You never get a second chance to make a first impression.
As a hospice admissions nurse for Care Dimensions, I know this saying well because I live it every day.
Once someone with advanced illness has called us to explore the hospice option, our admissions team assigns a registered nurse to visit him or her. For my patients, I am the first company representative they meet, so I need to establish a good relationship immediately.
I see patients wherever they live – private residences, assisted living and skilled nursing facilities, and occasionally group homes for the developmentally disabled. Regardless of the setting, I can count on one thing: the person I’m about to meet is usually frightened. They have been told that they have a life-limiting illness.
It’s my job to educate them that by choosing hospice, their life is about to become a lot less frightening and less stressful. And I have one chance to do that.
I need to develop trust with the patient and/or family, and the most important thing I can do is listen. People want to be heard. What do they understand about their illness? What’s their biggest concern?
I explain that I am there to answer questions and determine how Care Dimensions can help them, now and throughout their journey with us. I also let them know right away that they are in charge, and we provide support as needed and in accordance with their wishes.
I want them to know that we will do all we can to ensure that they can live out the rest of their days as they want to live them. Maybe they want to attend their child’s wedding, travel to a destination on their bucket list, or simply spend quality time with their family.
Knowledge is power. Part of what I do as an admissions RN is educate patients and families about what Care Dimensions is and how we can help. I explain that our hospice service includes a comprehensive care team, plus specialty programs, complementary therapies, and volunteers. A lot of times, the patient says, “I never knew this kind of support was available to me.” We address the patient’s physical symptoms, but we also support the patient’s and family’s emotional well-being. It’s important they know that they have someone they can turn to. All they have to do is pick up the phone and call us.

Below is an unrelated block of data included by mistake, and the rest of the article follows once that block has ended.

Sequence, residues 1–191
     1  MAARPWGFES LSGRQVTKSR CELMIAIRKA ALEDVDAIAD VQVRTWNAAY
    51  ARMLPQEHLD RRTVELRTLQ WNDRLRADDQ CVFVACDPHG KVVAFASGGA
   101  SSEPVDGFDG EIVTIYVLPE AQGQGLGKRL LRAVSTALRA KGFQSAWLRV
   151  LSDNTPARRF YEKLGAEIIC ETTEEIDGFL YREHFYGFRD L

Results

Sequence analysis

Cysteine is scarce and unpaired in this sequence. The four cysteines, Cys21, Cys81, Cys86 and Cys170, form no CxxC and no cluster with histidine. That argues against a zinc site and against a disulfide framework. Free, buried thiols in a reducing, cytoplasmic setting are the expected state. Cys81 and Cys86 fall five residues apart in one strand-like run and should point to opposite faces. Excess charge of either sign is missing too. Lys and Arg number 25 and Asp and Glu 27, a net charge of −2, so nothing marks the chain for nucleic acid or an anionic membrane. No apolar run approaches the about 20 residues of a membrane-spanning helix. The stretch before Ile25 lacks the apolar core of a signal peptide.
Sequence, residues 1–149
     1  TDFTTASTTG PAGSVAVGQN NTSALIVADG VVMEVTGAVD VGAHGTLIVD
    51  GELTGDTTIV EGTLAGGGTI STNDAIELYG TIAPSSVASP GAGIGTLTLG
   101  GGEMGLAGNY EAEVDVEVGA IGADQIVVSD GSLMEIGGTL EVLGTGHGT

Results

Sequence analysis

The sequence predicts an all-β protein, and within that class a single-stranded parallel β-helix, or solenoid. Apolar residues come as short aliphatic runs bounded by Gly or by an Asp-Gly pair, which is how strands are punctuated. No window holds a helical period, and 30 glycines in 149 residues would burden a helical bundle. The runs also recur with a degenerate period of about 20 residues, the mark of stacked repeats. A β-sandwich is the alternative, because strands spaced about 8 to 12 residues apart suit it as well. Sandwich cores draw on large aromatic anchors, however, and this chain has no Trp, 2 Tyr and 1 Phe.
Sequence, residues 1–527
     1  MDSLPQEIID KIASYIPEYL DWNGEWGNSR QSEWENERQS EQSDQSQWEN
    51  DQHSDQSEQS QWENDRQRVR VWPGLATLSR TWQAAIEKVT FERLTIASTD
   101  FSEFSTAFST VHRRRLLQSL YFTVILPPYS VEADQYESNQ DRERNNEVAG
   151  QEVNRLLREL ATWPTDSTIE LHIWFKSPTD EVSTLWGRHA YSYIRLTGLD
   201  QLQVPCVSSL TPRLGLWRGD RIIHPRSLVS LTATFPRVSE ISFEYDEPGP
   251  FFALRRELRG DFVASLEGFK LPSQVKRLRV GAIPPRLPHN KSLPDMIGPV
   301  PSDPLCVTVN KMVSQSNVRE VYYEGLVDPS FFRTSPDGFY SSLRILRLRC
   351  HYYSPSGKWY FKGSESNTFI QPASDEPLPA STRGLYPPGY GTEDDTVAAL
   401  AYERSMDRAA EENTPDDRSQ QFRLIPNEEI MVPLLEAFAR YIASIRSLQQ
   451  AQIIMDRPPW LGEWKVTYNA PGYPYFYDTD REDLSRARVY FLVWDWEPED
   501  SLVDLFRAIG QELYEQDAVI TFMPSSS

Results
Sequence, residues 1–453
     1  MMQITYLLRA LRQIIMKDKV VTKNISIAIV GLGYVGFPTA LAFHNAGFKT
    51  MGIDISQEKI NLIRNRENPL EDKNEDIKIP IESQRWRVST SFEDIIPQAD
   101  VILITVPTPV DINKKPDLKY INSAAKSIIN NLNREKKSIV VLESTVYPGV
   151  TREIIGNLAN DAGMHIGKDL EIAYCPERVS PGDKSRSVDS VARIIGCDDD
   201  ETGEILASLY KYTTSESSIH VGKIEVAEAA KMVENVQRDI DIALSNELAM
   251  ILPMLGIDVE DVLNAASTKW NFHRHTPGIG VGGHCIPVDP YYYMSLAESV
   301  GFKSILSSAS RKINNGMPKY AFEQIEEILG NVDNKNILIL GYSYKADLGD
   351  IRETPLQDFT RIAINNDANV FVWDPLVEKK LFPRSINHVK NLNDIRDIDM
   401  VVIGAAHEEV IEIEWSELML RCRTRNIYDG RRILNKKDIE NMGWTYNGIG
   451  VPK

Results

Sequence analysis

Caring for the caregiver
Taking care of the family is so important. They’re often stressed out and overwhelmed as caregivers. I know what that’s like because before I became a nurse, I helped my mom get through her post-stroke rehabilitation. It was tough, but I met some inspiring nurses who made a big difference in her recovery. I put that in the back of my mind, and later, when my son was 10 years old, I decided to pursue a nursing career.
I worked in several long-term care facilities, which is where I had my first exposure to hospice. I could see all the good the hospice teams were doing for our patients, and everybody looked like they really enjoyed their job. Later, I decided to investigate a hospice career and was recruited by a friend to work for a hospice agency. I worked in case management and admissions for a couple of agencies before joining Care Dimensions (then Hospice of the North Shore) as an admissions RN in 2007.
Since then, I have met hundreds of patients and families and I enjoy the one-to-one interaction I have with them. Every day and every case is different. I never know what each day will bring, but I know I’m going to meet people who need my expertise and understanding.
I come into patients’ and families’ lives at the most stressful point in their lives. Many have told me, “You have a very calming way about you.” I think that’s because in the 10 years I have been admitting patients onto hospice at Care Dimensions, I have developed a lot of confidence. I know that when I leave them, they will be turned over to a hospice care team that will help them live on their terms, in the best way possible.
Often at the end of our meeting they’ll say, “I was so nervous and now I feel like a big weight has been lifted off my shoulders.” That’s how I know I’ve done my job. It’s a great feeling to know that I’ve gained their trust and helped guide them along their end-of-life journey.
Learn about careers with Care Dimensions, including opportunities for hospice admissions nurses: https://www.caredimensions.org/careers/
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